<!DOCTYPE html><html><head><meta charSet="utf-8"/><meta name="viewport" content="width=device-width"/><title>About Us page</title><meta name="description" content="We do things. I hope."/><link rel="icon" href="/favicon.ico"/><meta name="next-head-count" content="5"/><link rel="preload" href="/_next/static/css/ab44ce7add5c3d11.css" as="style"/><link rel="stylesheet" href="/_next/static/css/ab44ce7add5c3d11.css" data-n-g=""/><link rel="preload" href="/_next/static/css/ae0e3e027412e072.css" as="style"/><link rel="stylesheet" href="/_next/static/css/ae0e3e027412e072.css" data-n-p=""/><noscript data-n-css=""></noscript><script defer="" nomodule="" src="/_next/static/chunks/polyfills-c67a75d1b6f99dc8.js"></script><script src="/_next/static/chunks/webpack-7ee66019f7f6d30f.js" defer=""></script><script src="/_next/static/chunks/framework-db825bd0b4ae01ef.js" defer=""></script><script src="/_next/static/chunks/main-3123a443c688934f.js" defer=""></script><script src="/_next/static/chunks/pages/_app-deb173bd80cbaa92.js" defer=""></script><script src="/_next/static/chunks/996-f1475101e84cf548.js" defer=""></script><script src="/_next/static/chunks/pages/aboutus-41b1f037d974ef60.js" defer=""></script><script src="/_next/static/REJUWXI26y-lp9JVmzJB5/_buildManifest.js" defer=""></script><script src="/_next/static/REJUWXI26y-lp9JVmzJB5/_ssgManifest.js" defer=""></script></head><body><div id="__next"><div class="Home_container__bCOhY"><main class="Home_main__nLjiQ"><h1 class="Home_title__T09hD">About Use page</h1><p class="Home_description__41Owk"><a href="/">Go to the <b>Home</b> page</a></p></main><footer class="Home_footer____T7K"><a href="/">Home page</a></footer></div></div><script id="__NEXT_DATA__" type="application/json">{"props":{"pageProps":{}},"page":"/aboutus","query":{},"buildId":"REJUWXI26y-lp9JVmzJB5","nextExport":true,"autoExport":true,"isFallback":false,"scriptLoader":[]}</script></body></html>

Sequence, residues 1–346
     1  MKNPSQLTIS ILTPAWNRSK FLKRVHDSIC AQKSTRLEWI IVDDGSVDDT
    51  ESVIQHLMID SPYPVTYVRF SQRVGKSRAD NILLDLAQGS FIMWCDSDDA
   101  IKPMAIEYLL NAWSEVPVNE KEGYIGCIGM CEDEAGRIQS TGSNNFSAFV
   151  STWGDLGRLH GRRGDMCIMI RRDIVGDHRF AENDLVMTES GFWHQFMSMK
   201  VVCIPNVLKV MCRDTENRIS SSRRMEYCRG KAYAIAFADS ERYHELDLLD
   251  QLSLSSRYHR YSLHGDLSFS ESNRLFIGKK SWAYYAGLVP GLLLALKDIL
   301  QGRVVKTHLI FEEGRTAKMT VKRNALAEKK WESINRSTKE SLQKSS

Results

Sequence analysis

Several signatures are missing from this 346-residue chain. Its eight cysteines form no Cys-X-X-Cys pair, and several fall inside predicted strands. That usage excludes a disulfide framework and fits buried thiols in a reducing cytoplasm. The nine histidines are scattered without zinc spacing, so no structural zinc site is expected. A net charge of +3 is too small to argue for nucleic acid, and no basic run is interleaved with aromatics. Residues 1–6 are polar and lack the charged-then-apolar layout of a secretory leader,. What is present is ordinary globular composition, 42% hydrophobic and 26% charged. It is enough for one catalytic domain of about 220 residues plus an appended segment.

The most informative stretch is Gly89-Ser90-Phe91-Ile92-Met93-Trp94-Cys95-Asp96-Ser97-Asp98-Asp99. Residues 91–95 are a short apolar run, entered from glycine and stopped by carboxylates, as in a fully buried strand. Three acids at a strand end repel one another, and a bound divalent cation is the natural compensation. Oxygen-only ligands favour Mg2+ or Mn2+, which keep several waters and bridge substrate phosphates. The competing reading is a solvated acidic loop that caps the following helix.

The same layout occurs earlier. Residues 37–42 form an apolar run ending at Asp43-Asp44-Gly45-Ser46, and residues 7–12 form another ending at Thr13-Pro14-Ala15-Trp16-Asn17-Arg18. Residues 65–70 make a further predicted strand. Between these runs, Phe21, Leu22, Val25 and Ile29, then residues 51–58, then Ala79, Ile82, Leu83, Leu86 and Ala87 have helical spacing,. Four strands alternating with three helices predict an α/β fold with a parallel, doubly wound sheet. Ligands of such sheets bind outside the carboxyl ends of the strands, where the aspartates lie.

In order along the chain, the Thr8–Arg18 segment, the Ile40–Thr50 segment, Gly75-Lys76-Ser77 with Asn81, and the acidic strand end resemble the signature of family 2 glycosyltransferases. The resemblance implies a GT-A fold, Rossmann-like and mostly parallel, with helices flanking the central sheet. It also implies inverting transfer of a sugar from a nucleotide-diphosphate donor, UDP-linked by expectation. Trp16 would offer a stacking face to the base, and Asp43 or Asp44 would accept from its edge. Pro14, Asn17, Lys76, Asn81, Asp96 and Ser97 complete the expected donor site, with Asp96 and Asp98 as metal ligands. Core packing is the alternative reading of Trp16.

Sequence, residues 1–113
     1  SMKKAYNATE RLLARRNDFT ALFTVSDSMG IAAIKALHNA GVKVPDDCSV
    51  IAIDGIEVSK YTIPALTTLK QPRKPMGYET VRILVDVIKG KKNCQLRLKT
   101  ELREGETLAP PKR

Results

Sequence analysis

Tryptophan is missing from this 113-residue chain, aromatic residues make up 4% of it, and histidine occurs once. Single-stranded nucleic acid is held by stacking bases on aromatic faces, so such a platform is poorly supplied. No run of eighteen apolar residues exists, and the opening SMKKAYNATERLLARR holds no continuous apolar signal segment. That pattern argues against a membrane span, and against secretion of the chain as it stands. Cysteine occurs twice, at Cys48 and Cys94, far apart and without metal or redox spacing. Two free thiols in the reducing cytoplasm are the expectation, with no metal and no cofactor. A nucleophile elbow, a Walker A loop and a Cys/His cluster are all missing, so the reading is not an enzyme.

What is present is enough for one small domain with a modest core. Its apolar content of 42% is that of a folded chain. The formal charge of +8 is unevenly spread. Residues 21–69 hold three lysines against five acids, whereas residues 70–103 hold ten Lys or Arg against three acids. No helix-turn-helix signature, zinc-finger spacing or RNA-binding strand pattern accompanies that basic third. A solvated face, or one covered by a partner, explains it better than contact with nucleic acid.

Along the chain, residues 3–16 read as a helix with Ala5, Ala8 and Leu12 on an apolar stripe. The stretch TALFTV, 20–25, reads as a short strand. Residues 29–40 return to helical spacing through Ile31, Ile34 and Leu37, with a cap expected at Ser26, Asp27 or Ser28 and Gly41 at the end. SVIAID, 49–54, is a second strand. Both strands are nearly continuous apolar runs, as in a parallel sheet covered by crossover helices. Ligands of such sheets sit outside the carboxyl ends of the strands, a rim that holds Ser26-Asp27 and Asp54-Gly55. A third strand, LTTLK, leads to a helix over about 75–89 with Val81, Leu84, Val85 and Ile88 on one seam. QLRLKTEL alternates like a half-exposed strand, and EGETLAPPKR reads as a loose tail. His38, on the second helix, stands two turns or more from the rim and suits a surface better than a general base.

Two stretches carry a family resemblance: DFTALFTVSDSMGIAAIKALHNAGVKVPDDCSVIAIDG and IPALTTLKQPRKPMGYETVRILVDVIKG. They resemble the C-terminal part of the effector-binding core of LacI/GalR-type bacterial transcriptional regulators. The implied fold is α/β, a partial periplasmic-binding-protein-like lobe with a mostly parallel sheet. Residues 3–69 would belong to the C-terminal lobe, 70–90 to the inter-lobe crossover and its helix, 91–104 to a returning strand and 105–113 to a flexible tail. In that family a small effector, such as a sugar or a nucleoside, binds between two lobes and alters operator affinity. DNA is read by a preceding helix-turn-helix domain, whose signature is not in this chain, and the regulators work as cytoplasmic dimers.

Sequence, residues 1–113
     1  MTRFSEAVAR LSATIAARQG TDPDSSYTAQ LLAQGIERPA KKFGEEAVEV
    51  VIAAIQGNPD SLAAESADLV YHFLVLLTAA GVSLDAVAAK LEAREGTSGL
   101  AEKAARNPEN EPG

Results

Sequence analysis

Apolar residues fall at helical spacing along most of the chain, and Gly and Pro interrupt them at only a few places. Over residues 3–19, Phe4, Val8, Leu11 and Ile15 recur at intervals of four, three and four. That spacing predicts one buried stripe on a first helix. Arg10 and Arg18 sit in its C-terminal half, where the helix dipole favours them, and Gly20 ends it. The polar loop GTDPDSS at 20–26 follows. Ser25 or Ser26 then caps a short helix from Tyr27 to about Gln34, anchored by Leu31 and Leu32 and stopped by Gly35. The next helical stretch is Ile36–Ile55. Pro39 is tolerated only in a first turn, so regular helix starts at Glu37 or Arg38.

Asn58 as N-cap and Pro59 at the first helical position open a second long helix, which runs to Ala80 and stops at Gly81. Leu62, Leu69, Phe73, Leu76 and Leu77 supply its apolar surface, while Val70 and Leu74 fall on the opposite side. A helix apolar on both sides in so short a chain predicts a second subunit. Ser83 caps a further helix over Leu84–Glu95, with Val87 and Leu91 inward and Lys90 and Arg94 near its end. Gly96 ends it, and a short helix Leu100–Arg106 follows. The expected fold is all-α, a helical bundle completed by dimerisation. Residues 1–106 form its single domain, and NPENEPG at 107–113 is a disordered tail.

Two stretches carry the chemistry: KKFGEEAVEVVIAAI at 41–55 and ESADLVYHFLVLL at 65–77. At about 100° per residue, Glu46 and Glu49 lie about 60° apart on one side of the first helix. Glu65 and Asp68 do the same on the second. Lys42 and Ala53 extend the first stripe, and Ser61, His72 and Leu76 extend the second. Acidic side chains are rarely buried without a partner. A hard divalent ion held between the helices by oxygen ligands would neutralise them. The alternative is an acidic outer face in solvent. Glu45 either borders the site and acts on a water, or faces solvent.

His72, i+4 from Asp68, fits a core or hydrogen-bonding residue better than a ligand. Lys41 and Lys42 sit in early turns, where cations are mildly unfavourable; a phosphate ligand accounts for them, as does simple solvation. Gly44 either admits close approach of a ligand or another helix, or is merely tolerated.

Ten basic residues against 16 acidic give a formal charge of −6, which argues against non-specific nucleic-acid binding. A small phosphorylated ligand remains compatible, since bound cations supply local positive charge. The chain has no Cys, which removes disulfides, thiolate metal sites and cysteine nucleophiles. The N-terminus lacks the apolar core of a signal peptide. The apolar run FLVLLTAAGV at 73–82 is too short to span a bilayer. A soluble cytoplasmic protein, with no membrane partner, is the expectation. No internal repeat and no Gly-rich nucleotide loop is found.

There are probably many great ideas that this can be used for. At work we use getServerSideProps() and we have too many pages to build them all statically. We need a solution like this to do custom analysis of the rendered HTML to check for broken links by analyzing every generated <a href> tag.

Please post a comment if you have thoughts or questions.

Join a list with a bitwise or operator in Python

Python

The bitwise OR operator in Python is often convenient when you want to combine multiple things into one thing. For example, with the Django ORM you might do this:

from django.db.models import Q

filter_ = Q(first_name__icontains="peter") | Q(first_name__icontains="ashley")

for contact in Contact.objects.filter(filter_):
    print((contact.first_name, contact.last_name))

See how it hardcodes the filtering on strings peter and ashley.